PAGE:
Referring first to FIGS. 2 and 3, the same type of computer chip (or other heat producing electronic component), indicated generally at 10′, is cooled by the novel shaped heat spreader plate of the invention, an idealized embodiment of which is indicated generally at 14. Spreader plate 14, by comparison to the typical rectangular cross sectioned plate (indicated by a superimposed dotted line in FIG. 3), has a smaller lower surface 16, substantially the same size as the component 10′ to which it is thermally bonded. In addition, the upper surface 18 comprises a shallow, convex and compound (curving in both directions) arc. FIG. 3 shows its cross section at the center plane 3-3, which would be the same taken ninety degrees thereto. Every cross section taken parallel to center plane 3-3, at least out as far as the edge of the lower surface 16, would have a similar shape, but shallower, and of less total thickness. The block of material so shaped is thus thickest and most massive right over the center of the component 10′, and progressively thinner moving outwardly therefrom. The side surfaces 20 are all identical in shape and size (for the case of a square lower surface 16), and are also not flat, nor parallel, but shallow, concave arcs, which diverge outwardly and upwardly from the edges of the lower surface 16 up to the “eaves” 22, the lines where they intersect with the upper surface 18. In this idealized form, the eave lines 22 are also complexly curved, that is, curved convexly and inwardly, when viewed downwardly and perpendicular to the plane of lower surface 16 and also curved downwardly, when viewed parallel to the plane of lower surface 16. The most significant difference from the conventional shape is best illustrated by the dotted line in FIG. 3. There is more material above the flat plane where the upper surface of a conventional, flat plate would be, especially near the center, but relatively less material outboard of the lower surface 16, because of the way that the side surfaces 20 are formed. In effect, the mass of conductive material is redistributed for efficiency, as discussed next. While the idealized shape shown is more complex than a flat plate, and not amenable to simple manufacturing methods such as extrusion, it could be cast from molten material, forged to near net shape from a simpler blank, or even machined to shape from a solid block, if desired.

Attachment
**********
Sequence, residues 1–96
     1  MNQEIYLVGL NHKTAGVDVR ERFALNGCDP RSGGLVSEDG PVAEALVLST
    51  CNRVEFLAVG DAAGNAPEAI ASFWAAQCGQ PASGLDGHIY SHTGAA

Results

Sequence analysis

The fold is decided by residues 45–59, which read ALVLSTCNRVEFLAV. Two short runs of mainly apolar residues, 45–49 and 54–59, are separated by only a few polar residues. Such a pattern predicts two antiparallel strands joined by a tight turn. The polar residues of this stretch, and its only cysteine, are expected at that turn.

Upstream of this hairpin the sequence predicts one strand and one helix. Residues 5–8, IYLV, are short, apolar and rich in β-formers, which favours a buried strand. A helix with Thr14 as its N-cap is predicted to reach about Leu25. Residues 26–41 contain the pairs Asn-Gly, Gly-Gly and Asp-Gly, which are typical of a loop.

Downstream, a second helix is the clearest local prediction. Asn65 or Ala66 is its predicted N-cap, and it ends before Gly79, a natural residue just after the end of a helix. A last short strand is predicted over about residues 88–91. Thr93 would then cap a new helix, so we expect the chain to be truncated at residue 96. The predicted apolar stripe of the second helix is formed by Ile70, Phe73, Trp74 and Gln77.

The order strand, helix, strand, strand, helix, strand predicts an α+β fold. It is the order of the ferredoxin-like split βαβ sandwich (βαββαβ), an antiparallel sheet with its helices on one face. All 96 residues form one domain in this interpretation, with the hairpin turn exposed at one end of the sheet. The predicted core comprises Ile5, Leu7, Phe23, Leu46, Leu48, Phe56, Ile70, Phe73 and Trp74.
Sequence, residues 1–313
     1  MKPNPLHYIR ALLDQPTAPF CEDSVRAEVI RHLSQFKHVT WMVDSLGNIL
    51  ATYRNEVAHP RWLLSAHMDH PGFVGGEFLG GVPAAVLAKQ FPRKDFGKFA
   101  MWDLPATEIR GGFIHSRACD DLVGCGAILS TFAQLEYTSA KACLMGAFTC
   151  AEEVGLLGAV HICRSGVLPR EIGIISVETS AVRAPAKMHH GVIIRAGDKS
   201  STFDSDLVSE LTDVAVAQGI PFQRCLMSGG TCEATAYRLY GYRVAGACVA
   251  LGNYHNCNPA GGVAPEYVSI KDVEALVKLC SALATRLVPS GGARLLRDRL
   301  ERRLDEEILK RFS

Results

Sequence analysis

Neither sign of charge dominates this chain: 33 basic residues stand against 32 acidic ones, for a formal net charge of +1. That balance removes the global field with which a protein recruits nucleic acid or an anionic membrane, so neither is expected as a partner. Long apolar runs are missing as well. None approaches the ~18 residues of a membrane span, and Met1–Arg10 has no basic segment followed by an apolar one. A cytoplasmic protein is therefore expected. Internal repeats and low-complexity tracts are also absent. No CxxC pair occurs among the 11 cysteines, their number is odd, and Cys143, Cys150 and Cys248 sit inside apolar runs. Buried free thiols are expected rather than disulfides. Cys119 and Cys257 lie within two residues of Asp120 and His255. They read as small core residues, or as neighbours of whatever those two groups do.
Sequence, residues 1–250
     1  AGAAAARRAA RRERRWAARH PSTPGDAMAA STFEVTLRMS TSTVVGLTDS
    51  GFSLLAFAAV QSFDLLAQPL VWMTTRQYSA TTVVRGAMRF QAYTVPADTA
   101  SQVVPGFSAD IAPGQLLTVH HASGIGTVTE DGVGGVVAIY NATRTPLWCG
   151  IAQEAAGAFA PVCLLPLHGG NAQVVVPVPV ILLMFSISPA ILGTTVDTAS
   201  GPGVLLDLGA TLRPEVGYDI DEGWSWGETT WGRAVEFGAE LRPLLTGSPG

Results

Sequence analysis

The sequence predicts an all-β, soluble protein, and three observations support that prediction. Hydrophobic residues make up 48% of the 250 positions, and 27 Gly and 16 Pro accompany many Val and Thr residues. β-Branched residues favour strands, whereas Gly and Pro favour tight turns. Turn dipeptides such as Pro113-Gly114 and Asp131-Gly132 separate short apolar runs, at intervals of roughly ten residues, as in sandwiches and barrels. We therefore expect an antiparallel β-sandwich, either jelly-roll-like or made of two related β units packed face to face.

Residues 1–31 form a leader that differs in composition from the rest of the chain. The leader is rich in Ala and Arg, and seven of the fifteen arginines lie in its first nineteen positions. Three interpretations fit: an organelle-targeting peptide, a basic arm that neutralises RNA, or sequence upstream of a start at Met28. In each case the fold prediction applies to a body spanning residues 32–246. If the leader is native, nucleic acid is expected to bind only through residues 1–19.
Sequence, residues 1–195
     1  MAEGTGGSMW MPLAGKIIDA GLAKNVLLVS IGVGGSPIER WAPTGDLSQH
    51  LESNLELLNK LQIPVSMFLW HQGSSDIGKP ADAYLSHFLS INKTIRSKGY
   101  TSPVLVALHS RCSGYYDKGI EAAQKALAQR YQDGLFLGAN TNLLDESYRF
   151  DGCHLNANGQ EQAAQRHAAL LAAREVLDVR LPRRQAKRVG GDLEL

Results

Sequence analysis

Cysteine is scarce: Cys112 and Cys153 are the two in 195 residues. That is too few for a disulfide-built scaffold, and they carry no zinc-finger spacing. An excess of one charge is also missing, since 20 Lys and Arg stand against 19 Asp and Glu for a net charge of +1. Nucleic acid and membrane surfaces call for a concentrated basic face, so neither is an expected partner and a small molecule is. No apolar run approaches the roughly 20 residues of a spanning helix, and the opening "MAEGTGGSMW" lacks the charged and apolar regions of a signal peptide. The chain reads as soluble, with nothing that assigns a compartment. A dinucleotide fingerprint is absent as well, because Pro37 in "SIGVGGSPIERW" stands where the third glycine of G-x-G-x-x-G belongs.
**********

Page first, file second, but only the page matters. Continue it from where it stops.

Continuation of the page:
Referring next to FIG. 4, the purpose behind the novel shape described is illustrated. As noted above, the uneven heat flux present in a typical, flattened spreader plate with a planar upper surface and rectangular cross section is concentrated at the center, and diminished at the periphery. Here, the curved upper surface 18 and the curved and diverging side surfaces 20 match the shape of the spreader plate to the heat flux. The substantially vertical flux lines shown are substantially equal length, as measured between the lower 16 and upper surface 18, and are substantially evenly spaced, rather than being shorter and denser near the surface. The isothermal lines (the curved lines drawn perpendicular to the flux lines) are substantially parallel to one another, and substantially parallel to the upper surface 18. The heat flow that is spread out and evened out by the novel shaped plate results in an upper surface 18 that is more nearly isothermal itself. Therefore, any cooling fluid flow applied to upper surface 18, or any physical enhancements applied to upper surface 18, need not be concentrated near the center of upper surface 18 (over the component 10′) for maximum efficiency.